Microswimmer Propulsion by Two Steadily Rotating Helical Flagella
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Many theoretical studies of bacterial locomotion adopt a simple model for the organism consisting of a spheroidal cell body and a single corkscrew-shaped flagellum that rotates to propel the body forward. Motivated by experimental observations of a group of magnetotactic bacterial strains, we extended the model by considering two flagella attached to the cell body and rotating about their respective axes. Using numerical simulations, we analyzed the motion of such a microswimmer in bulk fluid and close to a solid surface. We show that positioning the two flagella far apart on the cell body reduces the rate of rotation of the body and increases the swimming speed. Near surfaces, we found that swimmers with two flagella can swim in relatively straight trajectories or circular orbits in either direction. It is also possible for the swimmer to escape from surfaces, unlike a model swimmer of similar shape but with only a single flagellum. Thus, we conclude that there are important implications of swimming with two flagella or flagellar bundles rather than one. These considerations are relevant not only for understanding differences in bacterial morphology but also for designing microrobotic swimmers.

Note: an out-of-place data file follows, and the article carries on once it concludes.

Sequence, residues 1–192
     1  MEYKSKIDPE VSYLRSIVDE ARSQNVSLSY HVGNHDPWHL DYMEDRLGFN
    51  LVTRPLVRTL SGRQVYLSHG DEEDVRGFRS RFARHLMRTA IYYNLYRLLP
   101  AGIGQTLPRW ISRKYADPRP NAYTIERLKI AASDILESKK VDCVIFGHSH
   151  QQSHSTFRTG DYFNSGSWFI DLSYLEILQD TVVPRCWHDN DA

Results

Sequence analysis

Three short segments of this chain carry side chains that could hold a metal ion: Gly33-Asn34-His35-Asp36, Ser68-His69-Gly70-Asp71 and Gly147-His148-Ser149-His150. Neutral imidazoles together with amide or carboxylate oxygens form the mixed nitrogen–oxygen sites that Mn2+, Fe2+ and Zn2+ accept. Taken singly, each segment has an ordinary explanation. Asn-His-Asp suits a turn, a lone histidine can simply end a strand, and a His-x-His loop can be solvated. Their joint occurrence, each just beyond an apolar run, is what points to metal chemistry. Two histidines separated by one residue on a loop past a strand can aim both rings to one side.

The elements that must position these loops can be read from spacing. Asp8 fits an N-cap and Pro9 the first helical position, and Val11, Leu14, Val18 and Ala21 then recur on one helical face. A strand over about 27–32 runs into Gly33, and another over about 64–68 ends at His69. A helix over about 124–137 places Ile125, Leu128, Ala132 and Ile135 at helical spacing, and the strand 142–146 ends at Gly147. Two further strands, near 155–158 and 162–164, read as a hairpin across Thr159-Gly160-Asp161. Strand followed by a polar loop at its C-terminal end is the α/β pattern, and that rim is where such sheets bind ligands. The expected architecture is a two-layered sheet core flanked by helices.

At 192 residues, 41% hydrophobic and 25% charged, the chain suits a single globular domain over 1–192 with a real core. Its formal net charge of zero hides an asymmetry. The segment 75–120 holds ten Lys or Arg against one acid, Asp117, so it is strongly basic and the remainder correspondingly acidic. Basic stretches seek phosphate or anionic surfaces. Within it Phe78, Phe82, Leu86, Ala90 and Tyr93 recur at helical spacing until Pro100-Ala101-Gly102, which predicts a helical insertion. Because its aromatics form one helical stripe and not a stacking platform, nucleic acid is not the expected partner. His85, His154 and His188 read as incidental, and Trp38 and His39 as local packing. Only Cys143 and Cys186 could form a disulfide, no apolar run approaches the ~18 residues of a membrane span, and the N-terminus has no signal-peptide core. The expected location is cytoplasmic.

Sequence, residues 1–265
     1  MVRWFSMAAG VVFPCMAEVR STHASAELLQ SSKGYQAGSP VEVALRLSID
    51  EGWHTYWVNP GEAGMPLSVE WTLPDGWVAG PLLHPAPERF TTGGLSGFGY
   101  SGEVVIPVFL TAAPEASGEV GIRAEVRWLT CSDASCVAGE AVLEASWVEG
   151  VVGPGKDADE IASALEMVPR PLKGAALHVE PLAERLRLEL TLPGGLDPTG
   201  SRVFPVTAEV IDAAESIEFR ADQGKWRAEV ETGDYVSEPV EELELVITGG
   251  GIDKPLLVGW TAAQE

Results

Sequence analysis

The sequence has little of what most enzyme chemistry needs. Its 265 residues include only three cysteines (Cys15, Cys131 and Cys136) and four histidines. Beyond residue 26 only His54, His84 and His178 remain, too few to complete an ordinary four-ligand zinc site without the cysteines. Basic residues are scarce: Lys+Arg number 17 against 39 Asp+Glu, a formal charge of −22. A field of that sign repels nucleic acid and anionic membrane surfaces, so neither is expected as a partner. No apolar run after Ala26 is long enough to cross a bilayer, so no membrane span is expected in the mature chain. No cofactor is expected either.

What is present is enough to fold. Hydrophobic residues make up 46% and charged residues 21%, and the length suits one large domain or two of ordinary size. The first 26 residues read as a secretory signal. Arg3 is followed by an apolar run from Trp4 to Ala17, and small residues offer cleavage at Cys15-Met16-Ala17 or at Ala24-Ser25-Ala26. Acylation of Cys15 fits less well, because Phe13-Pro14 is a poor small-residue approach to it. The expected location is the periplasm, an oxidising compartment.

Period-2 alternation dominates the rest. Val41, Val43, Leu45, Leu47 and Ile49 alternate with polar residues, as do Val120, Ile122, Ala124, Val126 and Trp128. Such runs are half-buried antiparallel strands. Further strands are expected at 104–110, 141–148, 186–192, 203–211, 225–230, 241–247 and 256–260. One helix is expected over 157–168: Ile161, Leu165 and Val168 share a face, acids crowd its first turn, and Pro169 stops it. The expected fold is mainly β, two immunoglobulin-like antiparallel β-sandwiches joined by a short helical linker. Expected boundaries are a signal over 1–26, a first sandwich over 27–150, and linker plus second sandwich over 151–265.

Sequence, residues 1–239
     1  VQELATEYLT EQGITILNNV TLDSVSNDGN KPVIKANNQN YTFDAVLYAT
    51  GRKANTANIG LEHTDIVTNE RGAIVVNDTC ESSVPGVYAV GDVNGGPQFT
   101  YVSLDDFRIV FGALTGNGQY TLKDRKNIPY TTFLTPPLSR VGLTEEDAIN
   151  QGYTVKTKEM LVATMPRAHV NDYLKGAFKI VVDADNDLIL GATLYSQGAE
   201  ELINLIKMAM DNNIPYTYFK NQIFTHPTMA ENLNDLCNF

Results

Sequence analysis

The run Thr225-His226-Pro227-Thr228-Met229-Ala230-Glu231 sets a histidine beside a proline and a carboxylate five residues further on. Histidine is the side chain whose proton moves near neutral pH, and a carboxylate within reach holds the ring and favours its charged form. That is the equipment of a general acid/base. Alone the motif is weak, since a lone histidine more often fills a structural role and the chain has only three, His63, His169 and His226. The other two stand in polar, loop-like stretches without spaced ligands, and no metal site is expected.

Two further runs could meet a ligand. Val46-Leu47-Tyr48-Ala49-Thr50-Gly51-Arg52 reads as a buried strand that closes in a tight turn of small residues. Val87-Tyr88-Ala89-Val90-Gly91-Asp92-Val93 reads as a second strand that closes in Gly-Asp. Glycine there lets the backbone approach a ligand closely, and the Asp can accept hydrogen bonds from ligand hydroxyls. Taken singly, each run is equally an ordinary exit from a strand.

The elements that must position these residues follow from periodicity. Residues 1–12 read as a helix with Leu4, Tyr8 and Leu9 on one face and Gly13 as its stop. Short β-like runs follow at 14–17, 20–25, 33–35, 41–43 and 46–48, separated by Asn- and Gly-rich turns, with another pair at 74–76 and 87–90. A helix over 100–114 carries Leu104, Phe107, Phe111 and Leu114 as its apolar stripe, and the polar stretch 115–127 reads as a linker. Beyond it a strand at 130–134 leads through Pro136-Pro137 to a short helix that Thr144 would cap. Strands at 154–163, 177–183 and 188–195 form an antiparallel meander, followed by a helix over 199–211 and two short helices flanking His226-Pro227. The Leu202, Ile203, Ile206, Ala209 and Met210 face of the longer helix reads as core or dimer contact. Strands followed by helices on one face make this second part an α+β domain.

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Henry Shum (2019). Microswimmer Propulsion by Two Steadily Rotating Helical Flagella. UWSpace. http://hdl.handle.net/10012/14489
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